-Increased in the past two decades 66% have had received PPV
What is the 13 valent pneumococcal conjugate vaccine (PCV)?
-A vaccine for strep pneumococcal
-Protein carb (CHO) conjugate
-Induce a T cell independent response, children < 2years have poor response to CHO, protein component aids a T-cell dependent response, more effective vaccine ages <2, fragment of diphtheria toxin used as protein conjugate.
-Contains 13 serotypes: these 7 cover > 80% of S. pneumoniae for kids <ages 6, goal to vaccinate all kids under 2
What is the pneumococcal vaccine schedule?
-4 childhood shots of PCV at (2, 4, 6, 12-15 months)
-PCV booster or PPV for children older that 2 years old (2-6 years) which are certain high-risk groups
-Sickle cell anemia, HIV, chronic heart/lung
-More common among healthy children of certain racial or ethnic groups, such as alaska natives, native americans, and african-americans.
IPD-Invasive pneumoccoal disease in young children has declined due to vaccine
What is legionella pneumophila?
-Legionnaires disease acquired its name in 1976 when an outbreak of a pneumonia occurred among people attending a convention of american legion in Philadelphia.
-200th birthday, many elderly
-A week later 200 had mysterious pneumonia which killed 34 of them
-Several months of investigation resulted in identifying the agent as a bacterium that is present in natural moist environment (aquatic saprophyte)
What is the diagnosis of legionella pneumophilia?
Difficult before: the organism could not be cultured by common culturing techniques, grain stain did not work, it was possible to stain with Fluorescent Antibody stain (FAB)
Easier today: Sputum is best test. Culture in buffered charcoal yeast extract (BCYE), use FAB
What is the shape of legionella pneumophila?
Gram-negative slender pleomorphic rods
What modes of transmission are we concerned about today with Legionella?
10,000-15,000 cases occur each year in US, most sporadically
Aerosol transmission of Legionella occurs by way of: contaminated cooling towers, evaporative condensers and showers, humidifiers, respiratory therapy equipment, whirlpool spas, decorative fountains.
What are risks factors of legionella?
Patients with compromised pulmonary functions
Patients that are immunocompromised: transplant patients, elderly in hospital
25% of cases of hospital acquired
death could occur in 30% of cases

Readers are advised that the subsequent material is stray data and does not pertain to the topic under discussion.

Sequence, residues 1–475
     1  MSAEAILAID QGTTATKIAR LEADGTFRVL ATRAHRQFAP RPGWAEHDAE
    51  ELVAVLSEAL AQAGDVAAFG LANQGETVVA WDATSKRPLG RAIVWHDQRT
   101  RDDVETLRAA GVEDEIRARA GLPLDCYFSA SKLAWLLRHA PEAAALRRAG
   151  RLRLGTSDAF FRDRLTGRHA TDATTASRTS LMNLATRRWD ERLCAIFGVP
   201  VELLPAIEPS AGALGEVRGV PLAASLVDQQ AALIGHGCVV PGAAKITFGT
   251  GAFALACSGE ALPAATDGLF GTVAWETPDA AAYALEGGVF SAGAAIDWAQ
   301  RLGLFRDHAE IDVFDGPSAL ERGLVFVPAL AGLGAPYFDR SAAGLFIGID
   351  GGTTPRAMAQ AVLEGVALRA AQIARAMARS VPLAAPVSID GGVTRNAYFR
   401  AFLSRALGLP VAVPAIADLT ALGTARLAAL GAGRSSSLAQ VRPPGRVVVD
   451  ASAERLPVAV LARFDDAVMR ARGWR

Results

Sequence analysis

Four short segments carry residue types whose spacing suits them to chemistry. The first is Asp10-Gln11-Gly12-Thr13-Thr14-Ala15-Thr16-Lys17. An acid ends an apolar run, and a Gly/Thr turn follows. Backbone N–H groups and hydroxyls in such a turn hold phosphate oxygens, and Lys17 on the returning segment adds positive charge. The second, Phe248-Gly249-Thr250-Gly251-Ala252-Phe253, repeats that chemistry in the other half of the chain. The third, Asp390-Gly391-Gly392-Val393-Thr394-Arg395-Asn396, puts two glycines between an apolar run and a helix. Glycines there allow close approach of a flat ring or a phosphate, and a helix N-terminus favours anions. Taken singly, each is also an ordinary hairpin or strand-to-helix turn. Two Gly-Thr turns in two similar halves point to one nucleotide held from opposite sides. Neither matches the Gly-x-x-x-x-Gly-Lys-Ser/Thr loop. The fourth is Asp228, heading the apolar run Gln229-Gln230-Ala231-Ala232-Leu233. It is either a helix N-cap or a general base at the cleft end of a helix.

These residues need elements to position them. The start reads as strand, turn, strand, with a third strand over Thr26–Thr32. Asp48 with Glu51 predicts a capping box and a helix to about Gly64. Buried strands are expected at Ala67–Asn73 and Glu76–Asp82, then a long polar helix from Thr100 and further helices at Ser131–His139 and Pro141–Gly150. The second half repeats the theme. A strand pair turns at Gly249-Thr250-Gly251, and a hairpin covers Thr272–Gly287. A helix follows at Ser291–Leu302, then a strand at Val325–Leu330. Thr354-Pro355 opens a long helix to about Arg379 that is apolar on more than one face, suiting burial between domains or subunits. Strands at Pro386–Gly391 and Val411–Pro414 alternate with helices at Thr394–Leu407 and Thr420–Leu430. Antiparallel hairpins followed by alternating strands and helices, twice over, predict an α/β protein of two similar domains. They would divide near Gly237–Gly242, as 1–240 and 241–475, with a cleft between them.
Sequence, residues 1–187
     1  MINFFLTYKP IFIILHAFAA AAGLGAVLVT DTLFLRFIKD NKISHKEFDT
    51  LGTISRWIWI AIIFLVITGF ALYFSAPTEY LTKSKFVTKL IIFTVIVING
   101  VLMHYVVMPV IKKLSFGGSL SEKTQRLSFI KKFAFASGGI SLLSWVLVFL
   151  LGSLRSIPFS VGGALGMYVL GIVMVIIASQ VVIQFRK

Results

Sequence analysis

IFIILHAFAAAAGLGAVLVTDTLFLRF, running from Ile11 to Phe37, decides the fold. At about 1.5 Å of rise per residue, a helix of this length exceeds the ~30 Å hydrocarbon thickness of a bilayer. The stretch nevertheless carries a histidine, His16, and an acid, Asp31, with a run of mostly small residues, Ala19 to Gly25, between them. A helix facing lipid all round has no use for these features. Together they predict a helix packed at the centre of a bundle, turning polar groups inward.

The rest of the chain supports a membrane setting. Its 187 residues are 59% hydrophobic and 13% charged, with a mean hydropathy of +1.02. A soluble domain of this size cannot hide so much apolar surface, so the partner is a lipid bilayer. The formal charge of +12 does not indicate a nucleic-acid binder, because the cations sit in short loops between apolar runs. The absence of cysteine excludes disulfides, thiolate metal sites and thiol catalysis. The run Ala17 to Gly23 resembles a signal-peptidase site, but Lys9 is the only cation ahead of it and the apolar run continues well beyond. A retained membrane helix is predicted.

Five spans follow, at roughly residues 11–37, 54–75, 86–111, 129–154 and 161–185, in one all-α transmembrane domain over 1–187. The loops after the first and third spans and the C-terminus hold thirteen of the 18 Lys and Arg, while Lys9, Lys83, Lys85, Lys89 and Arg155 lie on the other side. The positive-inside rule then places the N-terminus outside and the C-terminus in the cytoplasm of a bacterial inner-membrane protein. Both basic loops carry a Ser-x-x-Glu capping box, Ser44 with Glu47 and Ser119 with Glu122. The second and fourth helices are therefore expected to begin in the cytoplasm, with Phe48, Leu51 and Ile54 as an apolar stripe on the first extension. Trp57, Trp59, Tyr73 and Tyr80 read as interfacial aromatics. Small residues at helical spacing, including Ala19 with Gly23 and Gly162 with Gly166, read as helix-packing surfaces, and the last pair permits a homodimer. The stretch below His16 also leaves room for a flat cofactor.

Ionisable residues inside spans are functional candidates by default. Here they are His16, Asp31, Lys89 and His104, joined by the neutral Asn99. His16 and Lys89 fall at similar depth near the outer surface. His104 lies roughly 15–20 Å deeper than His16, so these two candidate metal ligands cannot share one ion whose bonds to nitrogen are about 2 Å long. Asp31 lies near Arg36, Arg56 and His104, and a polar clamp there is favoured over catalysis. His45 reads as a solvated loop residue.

What unusual characteristics do we now know about the biology of this organism?
-The organism can live in moist environment for a long time: parasitize amoeba in water, survive in biofilms of pipe systems, within human lung macrophage and cause pneumonia
-Treatable disease with antibiotics but hard to diagnose. of the cases, only 1200-2200 reported, milder form of legionnaires this disease is called pontiac fever.
What are two names for the disease caused by mycoplasma pneumoniae?
-Primary atypical pneumonia
What are biological properties of m. pneumoniae?
Very small bacterium
Fastidious (hard to culture), fried egg colony morphology
-No PG in cell wall (atypical)
-Sterols in cell wall (atypical)
-Higher incidence of pneumonia in Military/college population
Why is ampicillin not used to treat walking pneumonia?
-No PG in wall means no penicillin sensitivity
-Coccoid or filamentous because no cell wall
How to diagnosis/treatment properties M. pneumoniae?
Difficult to diagnosis
based on symptoms, grows slowly in culture 2 weeks
Chest x-ray: diffused infiltrate not remarkable
Serological diagnosis: a variety of rapid tests based on indirect hemagglutination of erythrocytes or latex particles coated with M. pneumoniae antigens have been developed and some are commercially available
PCR: treatment long term with non penicillin family of drugs
What is chlamydia pneumoniae?
-Gram negative roundish irregular shape
-ER: elementary body
-RB: reticulate body
Where does chlamydia pneumoniae grow?
-Obligate intracellular pathogen that has a unique developmental cycle in mammalian host cells. Cant make own ATP, takes from host.
- Once inside phagocytic cells of lung (alveolar macrophages), it prevents fusion of phagosome and lysosome
What is the pathogenesis of chlamydia pneumoniae?
-Respiratory pathogen causes pneumonia, bronchitis, phargngitis, and sinusitis
-C. pneumonia cause 10% of all community acquired pneumonias
-Organism can make its way into the walls of various medium and large blood vessels, linger for years inducing the inflammation and immune reaction causing atherosclerosis leading to heart attacks and strokes
What is the treatment of c.pneumoniae?
Due to the intracellular nature, long term (weeks to months) antimicrobial treatment is needed
What is klebsiella pneumoniae?
-Encapsulated Gram negative rods found in normal flora of human mouth, skin, intestines
-Can cause bacterial lobar pneumonia, typically due to aspiration in alcoholics or people with compromised pulmonary function
-It is also an opportunistic pathogen more commonly causing hospital acquired lung, urinary tract and wound infections
How many of the pneumonia causing agents do we know?
- only 50% of agent cause pneumonia cases are known.